Notes on WinHelp format, part 1

I wanted to write a program to extract the text from WinHelp .HLP files. HLP format was the standard Microsoft Windows help/documentation file format from around 1990 (the start of the Windows 3.x era), through the early 2000s. There are countless old Windows applications that come with an HLP file, but starting with Vista, Windows no longer even ships with an HLP file reader.

This is the first in a series of posts about some of the things I’ve learned about HLP format — before I forget it all.

HLP is a difficult format to decode. Even just getting to the text contained in a file is difficult, never mind all the hypertext rendering and macro processing needed to fully support it.

The best reference that I know of is the helpfile.txt file included with the software named helpdeco. The document is densely packed with information, but it can sometimes be difficult to make sense of. It’s not written as carefully and unambiguously as it could be. I will mostly stick to the terminology used in that document, without knowing how standard it is.

I’m not going to come close to fully covering HLP format. What I want to do is explain the structure of certain parts of it, how the various types of compression work, and how to read the text. I’ll assume you are only trying to read HLP format, not edit it, or create a new file.

Format overview

At the lowest level, an HLP file starts with a 16-byte “HLP header”. The rest of the file is a data area. The data area contains “internal files” (which I’ll just call “files”) in arbitrary places. There can be unused data between the files.

Each (internal) file starts with a 9-byte header that gives the size of the file.

The first four bytes of an HLP file are always 0x3f 0x5f 0x03 0x00, which helps to identify the format. The only other useful thing in the 16-byte HLP file header is a field giving the offset of one of the files: the internal directory file.

(The start of the file is at the top. Diagrams are not to scale.)

The internal directory file

The internal directory file contains the names and absolute offsets of all the other files in the HLP file.

I’m going to skip over a really big thing here. The internal directory file is structured as a B+ tree, and is fairly complex. But you’ll have to learn about it somewhere else. If you manage to decode it, you’ll have a table of filenames and offsets, something like this:

Name       Offset
|CONTEXT    15908
|CTXOMAP    12665
|FONT       12300
|KWBTREE    12742
|KWDATA     12676
|KWMAP      12725
|PhrImage      16
|PhrIndex    2277
|SYSTEM      2486
|TOPIC       2787
|TTLBTREE   13813
|bm0        18003
|bm1        20240
|bm2        20408

Many of the filenames have special meanings. Such special names usually start with a “|” (vertical line) character. I don’t know if the names are supposed to be case sensitive. In my experience, it seems safe to assume they are.

The only files I intend to cover are the unnamed internal directory file, “|SYSTEM”, “|TOPIC”, and if present: “|Phrases”, “|PhrIndex”, and “|PhrImage”.

The SYSTEM file

The next thing to do is to read the file named “|SYSTEM”. It will tell you things like:

  • The HLP format version number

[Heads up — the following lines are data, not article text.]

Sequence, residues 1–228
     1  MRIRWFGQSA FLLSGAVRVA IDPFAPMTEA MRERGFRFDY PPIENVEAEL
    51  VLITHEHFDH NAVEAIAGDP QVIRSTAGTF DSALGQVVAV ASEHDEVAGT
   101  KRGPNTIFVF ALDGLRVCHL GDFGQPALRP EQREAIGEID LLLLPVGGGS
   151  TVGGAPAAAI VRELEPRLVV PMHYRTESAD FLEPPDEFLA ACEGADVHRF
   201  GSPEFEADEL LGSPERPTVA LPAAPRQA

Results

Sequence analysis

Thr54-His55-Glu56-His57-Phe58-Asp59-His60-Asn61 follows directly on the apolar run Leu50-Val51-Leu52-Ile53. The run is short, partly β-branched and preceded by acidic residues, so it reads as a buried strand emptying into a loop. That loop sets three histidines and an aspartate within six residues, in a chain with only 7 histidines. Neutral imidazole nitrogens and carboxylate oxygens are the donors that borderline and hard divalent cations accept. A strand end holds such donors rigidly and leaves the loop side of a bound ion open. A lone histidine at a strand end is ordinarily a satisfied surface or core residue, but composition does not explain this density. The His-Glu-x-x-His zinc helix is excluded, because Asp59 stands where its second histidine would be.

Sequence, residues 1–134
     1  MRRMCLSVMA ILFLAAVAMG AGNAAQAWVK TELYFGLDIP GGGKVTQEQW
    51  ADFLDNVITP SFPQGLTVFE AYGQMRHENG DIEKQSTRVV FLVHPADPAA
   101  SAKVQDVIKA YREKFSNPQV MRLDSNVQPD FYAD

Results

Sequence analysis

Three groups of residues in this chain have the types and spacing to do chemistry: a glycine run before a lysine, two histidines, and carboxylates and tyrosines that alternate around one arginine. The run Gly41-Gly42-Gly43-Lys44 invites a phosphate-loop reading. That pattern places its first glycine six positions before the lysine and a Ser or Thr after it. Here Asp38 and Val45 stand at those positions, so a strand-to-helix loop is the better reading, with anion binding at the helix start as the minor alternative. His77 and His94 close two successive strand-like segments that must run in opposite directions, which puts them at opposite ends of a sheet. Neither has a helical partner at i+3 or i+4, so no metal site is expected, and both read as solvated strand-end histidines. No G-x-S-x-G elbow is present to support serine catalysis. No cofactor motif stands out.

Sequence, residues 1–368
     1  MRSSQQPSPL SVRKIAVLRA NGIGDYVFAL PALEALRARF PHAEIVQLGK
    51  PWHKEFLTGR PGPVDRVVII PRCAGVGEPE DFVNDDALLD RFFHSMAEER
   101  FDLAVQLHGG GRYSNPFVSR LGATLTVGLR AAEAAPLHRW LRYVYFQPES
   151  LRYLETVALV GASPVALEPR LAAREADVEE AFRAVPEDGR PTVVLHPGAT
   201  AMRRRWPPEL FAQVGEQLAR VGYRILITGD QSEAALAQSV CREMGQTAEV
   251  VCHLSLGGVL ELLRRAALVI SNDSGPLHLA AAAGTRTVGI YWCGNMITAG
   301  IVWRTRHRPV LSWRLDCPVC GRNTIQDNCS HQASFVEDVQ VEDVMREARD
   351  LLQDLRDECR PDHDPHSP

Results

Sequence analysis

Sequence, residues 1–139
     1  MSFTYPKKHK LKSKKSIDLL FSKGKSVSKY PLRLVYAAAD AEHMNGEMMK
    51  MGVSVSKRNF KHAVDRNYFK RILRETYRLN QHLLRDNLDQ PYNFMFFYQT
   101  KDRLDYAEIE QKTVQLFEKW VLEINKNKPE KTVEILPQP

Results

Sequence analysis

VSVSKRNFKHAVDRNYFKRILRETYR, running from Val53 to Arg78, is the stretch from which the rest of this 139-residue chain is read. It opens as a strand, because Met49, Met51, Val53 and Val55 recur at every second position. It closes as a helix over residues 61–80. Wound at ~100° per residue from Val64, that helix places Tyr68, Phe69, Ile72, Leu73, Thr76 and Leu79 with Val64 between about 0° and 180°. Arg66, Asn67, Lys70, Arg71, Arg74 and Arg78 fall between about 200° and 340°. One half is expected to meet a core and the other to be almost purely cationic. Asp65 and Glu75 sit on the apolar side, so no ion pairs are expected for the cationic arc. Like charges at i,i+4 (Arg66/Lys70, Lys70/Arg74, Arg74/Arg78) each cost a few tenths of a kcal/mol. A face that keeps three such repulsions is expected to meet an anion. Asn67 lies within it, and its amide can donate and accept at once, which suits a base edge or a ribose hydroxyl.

• The block size used by the TOPIC file
  • Whether the TOPIC file uses HLP-LZ77 compression
  • The HLP file title, creation date, and various other attributes

The only format version numbers I’ve seen are 1.15, 1.21, 1.27 (rare), and 1.33. I’ll assume those are the only ones that exist.

HLP-LZ77 compression

Several different portions of HLP format are compressed using a scheme I’ll call HLP-LZ77. For future reference, here’s how to decompress it.

The format is byte-oriented; you can read it one byte at a time. As far as I know, compressed data bytes will always occur contiguously in the HLP file. It is never necessary to save the decompressor state for later.

Allocate a 4096-byte ring buffer, with a “current position” (current_pos). Initialize it to contain 4096 spaces (0x20). For each post-decompression byte emitted, also store it in the ring buffer at the current_pos, then increment current_pos. The ring buffer wraps around in both directions; adding 1 to 4095 results in 0.

It doesn’t matter what current_pos starts at, so you may as well make it 0.

The algorithm (with some expressions in C-like pseudocode):

Read a byte (B) of compressed data. For each of the 8 bits in B, low to high:
  If the bit is 0:
    Read the next byte, and emit it without translation.
  If the bit is 1:
    Read the next 2 bytes: M0 and M1
    matchlen = (M1>>4) + 3
    matchpos_rel = ((M1 & 0x0f)<<8) | M0
    matchpos_abs = (current_pos - 1 - matchpos_rel) & 0xfff
    From the ring buffer, read and emit matchlen bytes
       starting at matchpos_abs.
Repeat (read the next B).

Note that in C/C++, if you use unsigned integers for the matchpos/current_pos variables, they will wrap around correctly. Just AND them 4095 (0xfff) to put them in the right range before using them. Do not use signed integers.

In some situations, it is critical that you stop immediately if the instructions tell you to read a byte that does not exist. E.g., if the instructions tell you to read two bytes, but only one byte of compressed data remains, stop immediately without emitting anything.

In the next part, I’ll peel back the first couple of layers of the TOPIC file, which is where the text (mostly) is.

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